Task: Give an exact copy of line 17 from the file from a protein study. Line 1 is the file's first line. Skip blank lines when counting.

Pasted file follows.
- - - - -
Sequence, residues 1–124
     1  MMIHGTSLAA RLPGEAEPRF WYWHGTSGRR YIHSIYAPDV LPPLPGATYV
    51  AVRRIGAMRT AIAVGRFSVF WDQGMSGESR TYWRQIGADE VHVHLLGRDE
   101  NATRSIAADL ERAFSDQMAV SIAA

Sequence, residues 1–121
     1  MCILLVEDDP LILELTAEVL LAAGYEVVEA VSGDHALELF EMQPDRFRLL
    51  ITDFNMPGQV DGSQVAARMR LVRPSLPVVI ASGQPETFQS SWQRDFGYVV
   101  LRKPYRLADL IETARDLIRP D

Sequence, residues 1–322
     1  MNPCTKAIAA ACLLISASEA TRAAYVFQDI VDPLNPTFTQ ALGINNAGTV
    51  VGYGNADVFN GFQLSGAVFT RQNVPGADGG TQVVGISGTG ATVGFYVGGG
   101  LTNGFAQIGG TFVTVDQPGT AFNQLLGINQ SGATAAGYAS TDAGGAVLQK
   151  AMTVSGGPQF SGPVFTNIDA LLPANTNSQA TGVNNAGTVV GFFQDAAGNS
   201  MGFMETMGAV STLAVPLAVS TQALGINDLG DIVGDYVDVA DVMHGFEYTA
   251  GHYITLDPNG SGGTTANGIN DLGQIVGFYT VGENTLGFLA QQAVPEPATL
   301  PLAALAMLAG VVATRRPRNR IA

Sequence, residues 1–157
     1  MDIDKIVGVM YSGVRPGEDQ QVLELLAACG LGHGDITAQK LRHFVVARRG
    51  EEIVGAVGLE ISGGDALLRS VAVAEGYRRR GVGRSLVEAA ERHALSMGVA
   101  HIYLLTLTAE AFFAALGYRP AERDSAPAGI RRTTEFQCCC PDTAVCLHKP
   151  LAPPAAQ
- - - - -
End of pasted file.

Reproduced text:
Sequence, residues 1–157